[spoiler]
...the following iterative sequence of arguments, where N=10 and n=1,2,3,...,9:

(This sentence will seem a bit obscure...)
If there were two people having N-n acquaintances, there would be exactly N-n+1 people having at least n+1 acquaintances. That is not possible, because exactly n people have at most n acquaintances.

(But the following sentences should make more sense...)
n=1: If there were two people having nine acquaintances, there would be exactly ten people having at least two acquaintances. That is not possible, because exactly one person has at most one acquaintance.

n=2: If there were two people having eight acquaintances, there would be exactly nine people having at least three acquaintances. That is not possible, because exactly two people have at most two acquaintances.
[tt]    .
    .
    .[/tt]
Only for n=5 the logic does not apply:
If there were two people having five acquaintances, there would be exactly six people having at least five acquaintances. That is possible because two of the six people that have at most five acquaintances, have exactly 5 acquaintances (the supposition in previous sentence), leaving four people with at most four acquaintances (which is ok - cf. consequence in previous sentence).

For n<5 the sequence continues as before.

Therefore, the only number of acquaintances that can be doubly filled is 5, hence "you", the host, have 5 acquaintances. To find how many acquaintances your spouse has, proceed as in the first solution.
[/spoiler]
Last edited by ayw on February 22nd, 2009, 11:53 am, edited 1 time in total.
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Re: Lateral Thinking VI and VII (very difficult)

Post by kat1214young »

Why not just permute the problem? Use permutation to solve the number of acquaintances? I'm too lazy to do it right now... XDDD kidding ;D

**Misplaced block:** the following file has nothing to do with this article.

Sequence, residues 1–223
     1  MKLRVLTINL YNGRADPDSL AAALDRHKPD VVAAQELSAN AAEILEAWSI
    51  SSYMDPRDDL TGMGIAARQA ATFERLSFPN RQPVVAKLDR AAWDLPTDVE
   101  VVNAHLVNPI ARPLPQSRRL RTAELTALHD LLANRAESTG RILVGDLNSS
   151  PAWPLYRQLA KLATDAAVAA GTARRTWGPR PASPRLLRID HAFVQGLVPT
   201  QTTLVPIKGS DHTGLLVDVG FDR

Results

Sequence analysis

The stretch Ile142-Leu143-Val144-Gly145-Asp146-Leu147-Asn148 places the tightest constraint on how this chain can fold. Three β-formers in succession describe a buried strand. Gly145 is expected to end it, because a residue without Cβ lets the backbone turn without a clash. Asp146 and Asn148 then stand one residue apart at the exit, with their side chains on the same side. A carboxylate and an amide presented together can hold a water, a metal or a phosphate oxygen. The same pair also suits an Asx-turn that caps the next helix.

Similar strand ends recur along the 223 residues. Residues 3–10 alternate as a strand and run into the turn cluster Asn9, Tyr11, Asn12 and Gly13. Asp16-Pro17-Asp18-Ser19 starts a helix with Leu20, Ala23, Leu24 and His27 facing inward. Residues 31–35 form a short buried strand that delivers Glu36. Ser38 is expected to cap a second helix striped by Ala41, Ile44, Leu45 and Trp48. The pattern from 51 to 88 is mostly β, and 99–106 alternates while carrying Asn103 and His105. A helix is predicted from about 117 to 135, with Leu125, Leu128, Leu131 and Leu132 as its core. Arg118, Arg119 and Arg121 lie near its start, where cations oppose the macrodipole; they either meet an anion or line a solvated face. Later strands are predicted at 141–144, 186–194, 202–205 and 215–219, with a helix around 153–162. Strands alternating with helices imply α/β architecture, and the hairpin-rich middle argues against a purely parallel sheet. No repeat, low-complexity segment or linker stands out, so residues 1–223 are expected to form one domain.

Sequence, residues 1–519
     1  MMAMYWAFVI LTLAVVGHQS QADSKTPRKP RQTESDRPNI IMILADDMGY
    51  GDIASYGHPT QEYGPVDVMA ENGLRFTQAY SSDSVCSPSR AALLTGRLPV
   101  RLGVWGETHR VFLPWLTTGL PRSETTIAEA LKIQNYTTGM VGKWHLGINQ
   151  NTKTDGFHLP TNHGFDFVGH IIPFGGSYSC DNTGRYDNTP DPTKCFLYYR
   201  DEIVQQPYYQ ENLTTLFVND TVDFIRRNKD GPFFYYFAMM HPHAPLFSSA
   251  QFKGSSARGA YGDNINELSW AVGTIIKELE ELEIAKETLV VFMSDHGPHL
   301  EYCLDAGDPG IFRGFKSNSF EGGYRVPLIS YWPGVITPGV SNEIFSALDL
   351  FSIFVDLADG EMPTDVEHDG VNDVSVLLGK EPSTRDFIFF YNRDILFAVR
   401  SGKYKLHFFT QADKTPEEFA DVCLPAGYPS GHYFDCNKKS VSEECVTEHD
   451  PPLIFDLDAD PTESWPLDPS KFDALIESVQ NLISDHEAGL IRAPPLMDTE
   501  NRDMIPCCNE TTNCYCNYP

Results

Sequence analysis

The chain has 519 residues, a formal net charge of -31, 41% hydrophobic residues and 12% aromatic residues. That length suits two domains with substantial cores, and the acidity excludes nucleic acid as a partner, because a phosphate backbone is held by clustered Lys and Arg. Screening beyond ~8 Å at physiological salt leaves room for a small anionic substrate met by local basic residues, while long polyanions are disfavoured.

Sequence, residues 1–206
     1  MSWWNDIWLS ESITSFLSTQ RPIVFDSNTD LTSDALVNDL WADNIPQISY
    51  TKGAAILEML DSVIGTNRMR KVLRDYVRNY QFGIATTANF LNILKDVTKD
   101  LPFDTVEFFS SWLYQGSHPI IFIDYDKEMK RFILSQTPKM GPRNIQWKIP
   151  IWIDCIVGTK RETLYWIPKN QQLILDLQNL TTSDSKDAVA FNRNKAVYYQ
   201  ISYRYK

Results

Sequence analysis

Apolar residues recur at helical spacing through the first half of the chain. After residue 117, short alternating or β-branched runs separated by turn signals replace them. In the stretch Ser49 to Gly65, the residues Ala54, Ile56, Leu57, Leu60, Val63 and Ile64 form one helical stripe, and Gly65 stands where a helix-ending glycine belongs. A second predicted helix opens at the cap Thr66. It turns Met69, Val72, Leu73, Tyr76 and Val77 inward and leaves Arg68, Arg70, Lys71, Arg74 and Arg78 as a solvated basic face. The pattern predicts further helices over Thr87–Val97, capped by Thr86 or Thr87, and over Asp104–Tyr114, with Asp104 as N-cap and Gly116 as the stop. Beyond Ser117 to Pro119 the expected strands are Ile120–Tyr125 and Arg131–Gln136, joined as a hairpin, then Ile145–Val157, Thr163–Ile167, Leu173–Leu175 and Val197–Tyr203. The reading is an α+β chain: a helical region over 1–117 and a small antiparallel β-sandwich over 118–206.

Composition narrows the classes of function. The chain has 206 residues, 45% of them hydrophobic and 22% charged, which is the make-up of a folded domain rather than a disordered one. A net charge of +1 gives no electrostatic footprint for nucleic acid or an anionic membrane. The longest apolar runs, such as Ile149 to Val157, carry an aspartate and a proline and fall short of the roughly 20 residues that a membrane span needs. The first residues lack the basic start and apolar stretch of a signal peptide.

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Re: Lateral Thinking VI and VII (very difficult)

Post by ayw »

>>sstimson
sstimson wrote:Number 7
[spoiler]Start like this. There are 5 couples. Say they are Aa Bb Cc Dd Ee with you as A. Your wife at minimum knows 5 ( you and 4 others ) the maximum any one could know is 9. more on this later [/spoiler]

Later


You cannot assume that your spouse knows at minimum 5, since it may have been you who invited all the other couples. You might impose the condition that the combined number of acquaintances between you and your spouse must be at least 5, but  this condition is not needed to solve this problem.

>>kat1214
kat1214young wrote:Why not just permute the problem? Use permutation to solve the number of acquaintances? I'm too lazy to do it right now... XDDD kidding ;D

If you try all permutations you will see that every permutation leads to the same result. The permutations are degenerate because when we label everyone with e.g. letters, and assign the acquaintance status between two labels, we don't really care which label corresponds to how many acquaintances the person with that label has, as long as, in the end, each person except you has a different number (1... 9) of acquaintances.